Today marks the day that Ruth Bader Ginsburg would have turned 88 years old. The world mourned her death in October 2020 when she lost her battle with cancer. We celebrate her life by looking back at her accomplishments and how they have changed the world we live in today.
Ruth was born in 1933 in Brooklyn with the given name Joan Ruth Bader. Her family all called her “Kiki” because apparently, she was a “kicky baby” in the womb. When she started school, there were several other girls named Joan, so her teacher began to call her by her middle name, Ruth and it stuck.
Ruth was an accomplished student and received her undergraduate degree from Cornell. After graduation she married Martin Ginsburg and became a mother. In 1956 Ruth began law school at Harvard then transferred to Columbia and graduated first in her class.
Despite her impressive transcripts and recommendations from several of her professors, RBG had a difficult time finding work as a lawyer due to her gender. Her first employment opportunities included a clerkship for a judge and as a research associate at Columbia. She finally was hired as a law professor in 1963 but was told that she would be paid less than her male colleagues because she had a husband and wouldn’t need as much money.
Eventually, Ruth gained tenure and became the first woman at Columbia to do so. By the 1970’s it became clear that Ruth’s passion was protecting women’s rights and promoting gender equality. She volunteered as a lawyer for the American Civil Liberties Union and became director of the Women’s Rights Project. Through the ACLU, she presented 6 cases in front of the Supreme Court that were based on gender discrimination. 5 of the cases she won.
In 1993, RBG was appointed to the position of Supreme Court Judge. She is the second woman to hold this position and is famous for uttering the words ” I dissent.” – meaning that she did not share the majority opinion of the other Supreme Court justices. She is not the first or only justice to dissent; but she was very open about doing so and would change her collar over her robe to physically represent her opposing position. What we think of today when discussing RBG’s ability to dissent is really the power of having your voice heard, whether your opinion is popular or not.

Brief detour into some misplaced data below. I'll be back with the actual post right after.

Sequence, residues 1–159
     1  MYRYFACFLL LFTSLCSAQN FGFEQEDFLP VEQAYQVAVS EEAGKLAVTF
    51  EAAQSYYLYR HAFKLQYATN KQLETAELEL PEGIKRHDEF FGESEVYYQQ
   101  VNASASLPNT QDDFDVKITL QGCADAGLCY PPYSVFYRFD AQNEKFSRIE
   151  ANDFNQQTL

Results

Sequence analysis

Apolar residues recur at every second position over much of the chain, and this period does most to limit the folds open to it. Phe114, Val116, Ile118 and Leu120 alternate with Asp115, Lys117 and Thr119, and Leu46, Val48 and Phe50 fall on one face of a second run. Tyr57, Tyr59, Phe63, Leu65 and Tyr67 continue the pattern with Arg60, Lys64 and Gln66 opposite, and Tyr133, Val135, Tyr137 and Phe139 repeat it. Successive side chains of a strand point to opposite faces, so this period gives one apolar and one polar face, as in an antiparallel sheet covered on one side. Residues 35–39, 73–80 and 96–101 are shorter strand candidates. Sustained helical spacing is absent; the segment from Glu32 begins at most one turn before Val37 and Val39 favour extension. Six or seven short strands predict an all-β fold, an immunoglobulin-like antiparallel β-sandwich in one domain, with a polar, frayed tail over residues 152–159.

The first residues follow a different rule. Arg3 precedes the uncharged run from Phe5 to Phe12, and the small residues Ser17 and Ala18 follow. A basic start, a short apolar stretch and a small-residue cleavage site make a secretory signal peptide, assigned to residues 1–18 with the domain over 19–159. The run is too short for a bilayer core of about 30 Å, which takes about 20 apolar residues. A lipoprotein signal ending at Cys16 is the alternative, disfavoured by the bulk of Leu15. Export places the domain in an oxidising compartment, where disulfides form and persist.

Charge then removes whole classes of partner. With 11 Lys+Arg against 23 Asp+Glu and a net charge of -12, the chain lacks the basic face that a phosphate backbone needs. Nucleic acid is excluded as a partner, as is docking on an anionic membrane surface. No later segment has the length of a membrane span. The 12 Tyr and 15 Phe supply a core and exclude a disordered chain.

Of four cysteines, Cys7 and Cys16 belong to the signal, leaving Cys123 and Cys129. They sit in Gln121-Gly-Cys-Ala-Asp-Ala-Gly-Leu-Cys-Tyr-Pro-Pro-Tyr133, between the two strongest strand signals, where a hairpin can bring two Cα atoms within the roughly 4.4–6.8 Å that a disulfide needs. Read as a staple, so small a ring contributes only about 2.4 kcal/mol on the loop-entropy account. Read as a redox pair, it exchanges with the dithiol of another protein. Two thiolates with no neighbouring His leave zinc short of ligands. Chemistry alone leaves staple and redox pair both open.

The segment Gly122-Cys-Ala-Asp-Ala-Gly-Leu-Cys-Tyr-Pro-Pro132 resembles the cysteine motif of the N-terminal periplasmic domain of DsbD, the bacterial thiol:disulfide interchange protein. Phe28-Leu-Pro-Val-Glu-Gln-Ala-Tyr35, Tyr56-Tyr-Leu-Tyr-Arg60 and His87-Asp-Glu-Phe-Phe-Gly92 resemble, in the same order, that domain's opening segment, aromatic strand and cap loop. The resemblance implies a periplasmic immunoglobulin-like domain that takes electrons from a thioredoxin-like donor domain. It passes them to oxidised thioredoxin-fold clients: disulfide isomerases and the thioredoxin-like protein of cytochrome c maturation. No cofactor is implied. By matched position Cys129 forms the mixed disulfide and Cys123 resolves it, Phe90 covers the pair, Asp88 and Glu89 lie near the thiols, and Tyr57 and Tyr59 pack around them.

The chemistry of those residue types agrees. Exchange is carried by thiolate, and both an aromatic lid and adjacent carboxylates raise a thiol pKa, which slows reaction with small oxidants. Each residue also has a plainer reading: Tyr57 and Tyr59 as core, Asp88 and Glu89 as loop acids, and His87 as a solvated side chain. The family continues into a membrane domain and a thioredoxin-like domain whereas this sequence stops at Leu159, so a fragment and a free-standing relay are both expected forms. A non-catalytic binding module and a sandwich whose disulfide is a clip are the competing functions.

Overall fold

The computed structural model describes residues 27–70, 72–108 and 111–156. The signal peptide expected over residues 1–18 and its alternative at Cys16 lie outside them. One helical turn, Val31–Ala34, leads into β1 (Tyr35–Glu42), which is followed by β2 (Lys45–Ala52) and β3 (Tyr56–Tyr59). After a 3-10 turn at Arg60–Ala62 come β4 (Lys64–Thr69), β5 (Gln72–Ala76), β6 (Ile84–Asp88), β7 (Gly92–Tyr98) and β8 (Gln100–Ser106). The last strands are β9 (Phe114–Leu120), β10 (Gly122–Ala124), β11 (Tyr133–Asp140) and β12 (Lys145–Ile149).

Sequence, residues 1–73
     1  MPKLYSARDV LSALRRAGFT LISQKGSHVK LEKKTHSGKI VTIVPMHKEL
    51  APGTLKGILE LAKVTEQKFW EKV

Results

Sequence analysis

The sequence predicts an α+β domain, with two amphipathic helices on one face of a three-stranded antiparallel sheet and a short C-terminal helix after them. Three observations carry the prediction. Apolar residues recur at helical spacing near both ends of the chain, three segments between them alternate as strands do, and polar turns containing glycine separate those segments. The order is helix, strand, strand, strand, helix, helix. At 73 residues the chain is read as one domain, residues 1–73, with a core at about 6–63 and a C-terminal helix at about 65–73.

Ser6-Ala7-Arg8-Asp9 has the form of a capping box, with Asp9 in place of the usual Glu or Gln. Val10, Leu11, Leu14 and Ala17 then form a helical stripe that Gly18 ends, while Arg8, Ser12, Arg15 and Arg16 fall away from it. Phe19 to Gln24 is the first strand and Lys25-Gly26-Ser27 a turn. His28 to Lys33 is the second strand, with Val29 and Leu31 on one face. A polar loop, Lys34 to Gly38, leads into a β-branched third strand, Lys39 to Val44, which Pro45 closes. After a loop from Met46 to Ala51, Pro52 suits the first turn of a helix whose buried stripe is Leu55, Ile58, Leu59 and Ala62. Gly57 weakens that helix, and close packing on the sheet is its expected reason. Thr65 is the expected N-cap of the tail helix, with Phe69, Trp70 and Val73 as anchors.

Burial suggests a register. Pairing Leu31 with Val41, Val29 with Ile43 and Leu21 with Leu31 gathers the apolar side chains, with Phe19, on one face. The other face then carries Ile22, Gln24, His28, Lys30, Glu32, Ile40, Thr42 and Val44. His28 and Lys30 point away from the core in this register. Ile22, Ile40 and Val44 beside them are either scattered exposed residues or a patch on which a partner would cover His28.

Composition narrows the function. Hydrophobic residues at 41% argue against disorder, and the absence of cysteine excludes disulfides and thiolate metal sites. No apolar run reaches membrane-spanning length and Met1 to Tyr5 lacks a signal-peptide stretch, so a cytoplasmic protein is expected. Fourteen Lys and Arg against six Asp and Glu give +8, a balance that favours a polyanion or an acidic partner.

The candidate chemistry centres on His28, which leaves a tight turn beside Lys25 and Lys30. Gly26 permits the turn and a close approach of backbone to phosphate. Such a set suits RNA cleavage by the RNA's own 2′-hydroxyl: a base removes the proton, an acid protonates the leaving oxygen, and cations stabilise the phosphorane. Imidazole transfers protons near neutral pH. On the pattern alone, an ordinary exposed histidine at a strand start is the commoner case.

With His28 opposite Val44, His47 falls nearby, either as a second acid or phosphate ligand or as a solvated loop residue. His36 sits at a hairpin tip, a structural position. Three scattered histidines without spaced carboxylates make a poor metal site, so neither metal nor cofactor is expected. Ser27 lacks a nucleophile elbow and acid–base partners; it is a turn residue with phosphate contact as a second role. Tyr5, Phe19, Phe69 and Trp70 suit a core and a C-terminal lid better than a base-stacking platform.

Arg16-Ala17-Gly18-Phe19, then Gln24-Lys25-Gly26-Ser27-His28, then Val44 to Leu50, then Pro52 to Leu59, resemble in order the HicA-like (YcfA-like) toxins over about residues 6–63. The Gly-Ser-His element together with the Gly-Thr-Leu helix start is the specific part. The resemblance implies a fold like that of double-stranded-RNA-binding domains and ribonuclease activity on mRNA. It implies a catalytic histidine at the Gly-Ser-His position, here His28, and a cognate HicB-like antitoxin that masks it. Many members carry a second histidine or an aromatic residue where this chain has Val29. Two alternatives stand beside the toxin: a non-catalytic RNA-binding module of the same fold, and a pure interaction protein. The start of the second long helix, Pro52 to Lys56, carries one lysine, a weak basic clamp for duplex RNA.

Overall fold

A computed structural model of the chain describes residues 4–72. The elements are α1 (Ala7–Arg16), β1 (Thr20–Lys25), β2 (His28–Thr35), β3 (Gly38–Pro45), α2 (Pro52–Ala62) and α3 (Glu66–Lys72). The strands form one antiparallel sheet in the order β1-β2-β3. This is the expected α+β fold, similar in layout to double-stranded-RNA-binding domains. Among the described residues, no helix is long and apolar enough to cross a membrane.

These are some of our favorite laws that RBG fought for to provide gender equality to all:
1971 Section 214 of IRS code was amended based on a case that RBG won. She contended that the Equal Protection Clause of the constitution was violated by men not receiving the same caregiver benefits on their taxes as women. This is an important reminder that RBG fought for gender equality, not just women’s rights. She strongly fought to have equal rights for men and women.
1974 Equal Opportunity Act: Prior to RBG paving the way for this law, women needed a male co-signer to apply for a bank account, credit card or mortgage. Also, women did not receive the same military allowances as men and they paid more for their pension plans than men at the time.
Pregnancy Discrimination Act 1978 – When she became pregnant with her first child in her twenties, Ginsburg was fired from her job. Now this would not be legal. RBG fought hard for reproductive rights and now, women cannot be fired or discriminated against in the work place for being pregnant or for having plans to become pregnant in the future.
We could list so many more advances to gender equality made because of Ruth but instead we ask that you take some time to read about her today on your own. Celebrate her birthday by sharing something in your life that is better because of her!